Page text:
Stephens had also begun looking for defense startups in which Founders Fund could invest. Luckey, who’d sold his virtual-reality company, Oculus VR Inc., to Facebook for $2 billion in 2014, was also looking to put some of his windfall into upstart military contractors. Founders Fund had backed Oculus, and he and Stephens had become friends over time. Luckey’s career had veered off course just before the 2016 election, when the Daily Beast reported that he’d donated $10,000 to a pro-Trump group that grew out of a Reddit message board, r/The_Donald, known for incubating right-wing memes and conspiracy theories. Luckey’s money was dedicated to putting up insulting billboards about Hillary Clinton. Almost immediately, he disappeared from Facebook’s campus, and in March 2017 the company announced he was no longer an employee. (Luckey says he was fired because of his politics, a claim Facebook Chief Executive Officer Mark Zuckerberg denied before Congress in April 2018.)
With Luckey now a free agent, he and Stephens got to work on Anduril, recruiting a handful of people who’d been at Palantir or Oculus. Their plan was to follow the approach that had worked for Luckey with virtual reality: combine low-cost, widely available components with sophisticated software. Luckey figured the bar would be relatively low. Despite the lore of the U.S. military’s technical prowess, he argues, the defense industry has been stagnant for decades. “How is it there’s so many billionaires and no Iron Man?” he asks, referring to the fictional weapons-manufacturer-turned-superhero.
Luckey’s colorful public persona was bound to influence Anduril’s brand, for better or worse. At one point early on, he showed up at a Japanese anime festival dressed as a character from a video game, in a costume consisting of a bikini top and fishnet stockings. (He generally avoids cosplay in the office, but he lays on the comic book references pretty heavy no matter the situation.) Such antics haven’t been a liability, even in the buttoned-up defense business, says Joe Lonsdale, an early Anduril investor. “He’’s a more serious person than people realize.”
Anduril’s first contract, awarded in 2017, was to provide electronic surveillance technology to U.S. Customs and Border Protection (CBP) for the U.S.-Mexico border. Luckey was a strong proponent of the work—a logical way, he says, to demonstrate Anduril’s technical vision. Of course it also made Anduril instantly controversial by tying it to the Trump administration’s harsh anti-immigration rhetoric and policies.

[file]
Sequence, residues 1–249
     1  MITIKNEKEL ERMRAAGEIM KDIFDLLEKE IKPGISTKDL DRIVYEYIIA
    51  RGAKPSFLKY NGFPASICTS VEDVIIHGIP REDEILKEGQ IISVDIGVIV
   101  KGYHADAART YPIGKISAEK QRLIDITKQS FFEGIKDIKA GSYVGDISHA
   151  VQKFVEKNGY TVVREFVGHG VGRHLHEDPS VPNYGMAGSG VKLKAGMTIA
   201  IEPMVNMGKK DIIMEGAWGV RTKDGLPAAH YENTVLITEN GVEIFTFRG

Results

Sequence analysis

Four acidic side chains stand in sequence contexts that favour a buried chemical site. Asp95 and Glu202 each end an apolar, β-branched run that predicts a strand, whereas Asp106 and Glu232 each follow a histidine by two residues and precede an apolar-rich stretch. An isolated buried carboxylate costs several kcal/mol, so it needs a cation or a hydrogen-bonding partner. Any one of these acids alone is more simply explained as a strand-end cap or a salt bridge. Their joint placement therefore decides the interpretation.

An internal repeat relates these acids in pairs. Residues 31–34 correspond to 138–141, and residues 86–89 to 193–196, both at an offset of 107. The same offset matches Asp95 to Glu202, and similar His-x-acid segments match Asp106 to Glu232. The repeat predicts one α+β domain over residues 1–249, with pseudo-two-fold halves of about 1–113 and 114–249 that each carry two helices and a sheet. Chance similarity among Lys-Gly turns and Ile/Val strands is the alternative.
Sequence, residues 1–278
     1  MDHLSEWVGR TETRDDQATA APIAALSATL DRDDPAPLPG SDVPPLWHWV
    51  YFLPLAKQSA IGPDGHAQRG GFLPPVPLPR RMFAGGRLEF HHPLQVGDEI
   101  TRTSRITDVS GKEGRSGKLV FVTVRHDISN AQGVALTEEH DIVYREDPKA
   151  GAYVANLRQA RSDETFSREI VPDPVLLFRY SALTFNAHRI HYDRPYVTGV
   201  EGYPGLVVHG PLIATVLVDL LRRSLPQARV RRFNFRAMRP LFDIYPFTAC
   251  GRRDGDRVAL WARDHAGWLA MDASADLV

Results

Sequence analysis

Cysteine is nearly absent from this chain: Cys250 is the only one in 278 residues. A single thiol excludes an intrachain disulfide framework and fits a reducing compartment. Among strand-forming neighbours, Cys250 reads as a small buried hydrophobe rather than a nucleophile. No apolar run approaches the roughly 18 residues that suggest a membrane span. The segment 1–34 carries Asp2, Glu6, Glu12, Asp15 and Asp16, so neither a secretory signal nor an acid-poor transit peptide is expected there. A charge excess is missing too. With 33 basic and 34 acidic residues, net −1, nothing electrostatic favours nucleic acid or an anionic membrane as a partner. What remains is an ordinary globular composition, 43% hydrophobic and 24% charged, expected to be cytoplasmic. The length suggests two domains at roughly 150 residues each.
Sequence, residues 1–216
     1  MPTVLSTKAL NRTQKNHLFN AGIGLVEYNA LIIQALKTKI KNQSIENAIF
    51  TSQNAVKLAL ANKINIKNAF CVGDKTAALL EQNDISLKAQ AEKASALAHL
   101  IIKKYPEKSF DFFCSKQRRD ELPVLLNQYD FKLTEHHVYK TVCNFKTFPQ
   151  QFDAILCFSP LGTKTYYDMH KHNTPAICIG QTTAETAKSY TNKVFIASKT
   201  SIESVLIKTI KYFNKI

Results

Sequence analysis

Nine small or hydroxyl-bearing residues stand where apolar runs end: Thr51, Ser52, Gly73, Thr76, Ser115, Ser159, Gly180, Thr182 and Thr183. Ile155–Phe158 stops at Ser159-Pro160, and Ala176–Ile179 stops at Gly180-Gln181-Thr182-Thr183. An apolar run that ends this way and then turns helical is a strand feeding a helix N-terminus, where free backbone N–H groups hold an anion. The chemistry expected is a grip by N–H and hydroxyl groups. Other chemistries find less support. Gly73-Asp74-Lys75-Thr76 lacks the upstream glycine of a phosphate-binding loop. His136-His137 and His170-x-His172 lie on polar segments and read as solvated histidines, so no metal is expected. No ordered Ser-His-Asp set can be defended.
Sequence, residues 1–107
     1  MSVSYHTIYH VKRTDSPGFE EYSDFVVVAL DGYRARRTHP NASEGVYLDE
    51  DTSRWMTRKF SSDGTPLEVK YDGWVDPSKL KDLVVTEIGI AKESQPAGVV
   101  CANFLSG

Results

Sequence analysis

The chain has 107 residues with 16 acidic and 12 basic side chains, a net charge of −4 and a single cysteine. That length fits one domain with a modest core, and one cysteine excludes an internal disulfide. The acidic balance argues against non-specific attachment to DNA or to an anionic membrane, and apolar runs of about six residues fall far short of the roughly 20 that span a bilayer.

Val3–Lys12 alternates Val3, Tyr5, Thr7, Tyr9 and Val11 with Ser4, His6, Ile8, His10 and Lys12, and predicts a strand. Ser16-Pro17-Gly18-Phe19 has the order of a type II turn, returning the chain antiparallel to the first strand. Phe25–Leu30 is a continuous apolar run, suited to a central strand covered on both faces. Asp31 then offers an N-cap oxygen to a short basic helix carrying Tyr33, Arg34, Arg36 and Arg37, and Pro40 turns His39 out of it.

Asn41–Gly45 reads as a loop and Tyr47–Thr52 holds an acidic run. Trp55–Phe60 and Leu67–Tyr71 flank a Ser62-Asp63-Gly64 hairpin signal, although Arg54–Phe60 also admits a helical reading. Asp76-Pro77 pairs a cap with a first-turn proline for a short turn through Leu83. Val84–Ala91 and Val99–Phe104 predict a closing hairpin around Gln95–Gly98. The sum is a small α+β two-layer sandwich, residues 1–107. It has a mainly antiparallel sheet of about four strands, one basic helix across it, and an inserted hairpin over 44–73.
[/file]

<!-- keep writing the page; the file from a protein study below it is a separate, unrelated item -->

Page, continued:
Luckey at times has seemed to embrace this connection. Almost immediately after his departure from Facebook, he traveled to Washington to advocate for digital border security alongside Chuck Johnson, a right-wing internet provocateur. Even the company’s name called to mind the administration’s nationalist rhetoric: In the Lord of the Rings trilogy, Anduril is a sword whose elvish name means “Flame of the West.”
Critics described Anduril as either a technological manifestation of Trumpism, an amoral profiteer, or both. Luckey saw the outrage as useful. “We were telling people that border security is not going to be the last time there’s a controversy around something we’re working on,” he says. Not all Anduril employees are pleased. Grimm, who describes himself as an “Obama fanboy” and the most liberal member of the founding team, grimaces when the subject comes up. “The goal was not to set out and say, ‘We’re the border security company,’ ” he says. “It was actually quite frustrating for us through the first year and a half, because of course that was the narrative.” Anduril executives are quick to point out that many Democrats have supported electronic border surveillance as a more humane alternative to a physical border wall.
On the other hand, immigration rights advocates say companies that work with law enforcement agencies can’t ignore how those agencies treat the people being apprehended. “Assisting in that cruelty, facilitating that cruelty, making sure they have access to more people to be cruel to, it makes the whole situation worse,” says Jacinta Gonzalez, an organizer with Mijente, an advocacy group that’s put together protests against technology companies it believes are aiding in implementing the administration’s immigration policies. The American Civil Liberties Union, meanwhile, has said technologies implemented in conflict zones such as border areas or battlefields tend to seep into civilian life.
Anduril says it now takes in twice as much revenue from the military as from CBP and argues that there should be nothing controversial about providing security on bases. But the Interceptor project steers it toward another hot-button technological issue: the development and deployment of autonomous weapons.
The possible use of miniature quadcopters for spying or terrorism has concerned the U.S. military for years. The fear was underscored this year when military-grade drones were implicated in attacks in Saudi Arabia and the Strait of Hormuz, and last year during an assassination attempt in Venezuela using hobbyist drones. The Defense Department has pursued various remedies, including jamming drones’ signals and netting them like butterflies. But the idea of electronically disabling or ensnaring a drone without destroying it seemed ludicrous to Luckey. Why not just shoot it down? “All the soft kill systems are a waste of time,” he says.